In researching Gödel’s Incompleteness Theorem, I stumbled upon an article that stated no one has proven a line can extend infinitely in both directions. This is shocking, if it’s true, and after a quick Google search, I couldn’t seem to find anything that contradicts the claim. So, in the spirit of intellectual adventure, I’ll offer a fun proof-esque idea here.

Consider a line segment of length that is measured in some standard unit of distance/length (e.g., inches, miles, nanometers, etc.). We convert the length of —whatever units and length we’ve chosen (say, 0.5298 meters)—into a fictitious unit of measurement we’ll call *Hoppes* (*hpe*) [pronounced HOP-ease]. So, now, one should consider the length of to be 2 *hpe *such that /2 = 1 *hpe*. We then add some fraction (of the length of) to (both ends of) itself, and let’s say the fraction of we’ll use, call it , is 3/4, which equals 3/2 *hpe*. The process by which we will add to will be governed by the following geometric series:* *

.

Let us add the terms of to both sides of ; first, we add 1 *hpe* to both sides ( *hpe*),* *then 3/2 *hpe *( *hpe*) *,* then 9/4 *hpe *( *hpe*)*, *and so forth. If we keep adding to units of *hpe* based on the series , then we’re guaranteed a line that extends infinitely in both directions because when .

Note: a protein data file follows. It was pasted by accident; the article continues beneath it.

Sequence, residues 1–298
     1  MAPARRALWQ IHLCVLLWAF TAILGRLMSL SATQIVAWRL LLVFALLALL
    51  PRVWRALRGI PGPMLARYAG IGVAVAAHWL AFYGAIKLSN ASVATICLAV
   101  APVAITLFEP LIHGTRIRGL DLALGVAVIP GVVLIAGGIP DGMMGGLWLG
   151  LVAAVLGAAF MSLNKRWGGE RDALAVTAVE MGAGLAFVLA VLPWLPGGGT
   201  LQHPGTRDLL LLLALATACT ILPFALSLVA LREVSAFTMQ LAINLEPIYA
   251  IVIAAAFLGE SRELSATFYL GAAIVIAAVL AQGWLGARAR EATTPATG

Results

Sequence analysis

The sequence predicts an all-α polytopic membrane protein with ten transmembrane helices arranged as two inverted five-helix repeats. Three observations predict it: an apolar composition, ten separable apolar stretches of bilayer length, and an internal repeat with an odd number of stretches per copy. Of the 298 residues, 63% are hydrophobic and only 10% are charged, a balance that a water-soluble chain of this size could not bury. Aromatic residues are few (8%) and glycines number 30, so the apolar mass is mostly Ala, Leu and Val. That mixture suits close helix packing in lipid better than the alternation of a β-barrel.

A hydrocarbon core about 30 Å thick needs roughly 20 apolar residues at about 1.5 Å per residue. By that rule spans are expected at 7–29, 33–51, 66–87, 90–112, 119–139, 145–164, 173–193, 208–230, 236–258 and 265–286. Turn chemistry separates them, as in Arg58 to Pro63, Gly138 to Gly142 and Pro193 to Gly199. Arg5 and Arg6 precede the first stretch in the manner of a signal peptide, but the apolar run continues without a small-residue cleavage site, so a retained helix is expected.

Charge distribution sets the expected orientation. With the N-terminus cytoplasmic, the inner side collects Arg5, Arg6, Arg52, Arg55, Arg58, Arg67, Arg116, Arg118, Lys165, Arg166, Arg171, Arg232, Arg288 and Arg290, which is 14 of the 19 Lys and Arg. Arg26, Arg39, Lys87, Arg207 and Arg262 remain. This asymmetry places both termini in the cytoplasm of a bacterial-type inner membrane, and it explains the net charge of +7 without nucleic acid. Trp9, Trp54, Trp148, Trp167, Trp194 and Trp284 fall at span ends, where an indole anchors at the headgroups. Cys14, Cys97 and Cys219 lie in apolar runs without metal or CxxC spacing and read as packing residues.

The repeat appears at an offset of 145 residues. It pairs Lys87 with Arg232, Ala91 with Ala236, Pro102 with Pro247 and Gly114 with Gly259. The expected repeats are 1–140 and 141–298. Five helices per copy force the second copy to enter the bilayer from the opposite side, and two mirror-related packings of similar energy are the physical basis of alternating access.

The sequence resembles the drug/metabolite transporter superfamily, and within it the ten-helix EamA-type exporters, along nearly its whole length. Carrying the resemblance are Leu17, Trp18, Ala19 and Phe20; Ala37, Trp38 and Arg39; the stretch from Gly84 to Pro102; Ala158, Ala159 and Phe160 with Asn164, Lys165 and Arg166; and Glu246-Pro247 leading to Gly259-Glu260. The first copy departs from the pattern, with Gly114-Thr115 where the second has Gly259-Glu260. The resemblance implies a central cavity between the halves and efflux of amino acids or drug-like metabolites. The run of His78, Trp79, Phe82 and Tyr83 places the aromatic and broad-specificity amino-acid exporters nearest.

Now, suppose we assume it is impossible to extend our line segment infinitely in both directions. Then must converge to , giving us a total length of *hpe *for , because , which is only possible when . (We cannot have a negative length, so .) But this contradicts our value of 3/2 *hpe *above, which means the series is divergent. Q.E.D.

N.B. Some might raise the “problem” of an infinite number of discrete points that composes a line (segment), recalling the philosophical thorniness of Zeno’s (dichotomy) paradox; this is resolved, however, by similarly invoking the concept of limits (and is confirmed by our experience of traversing complete distances!):

,

a single unit we can set equal to our initial line segment with length 2 *hpe.*

Special thanks to my great friend, Tim Hoppe, for giving me permission to use his name as an abstract unit of measurement.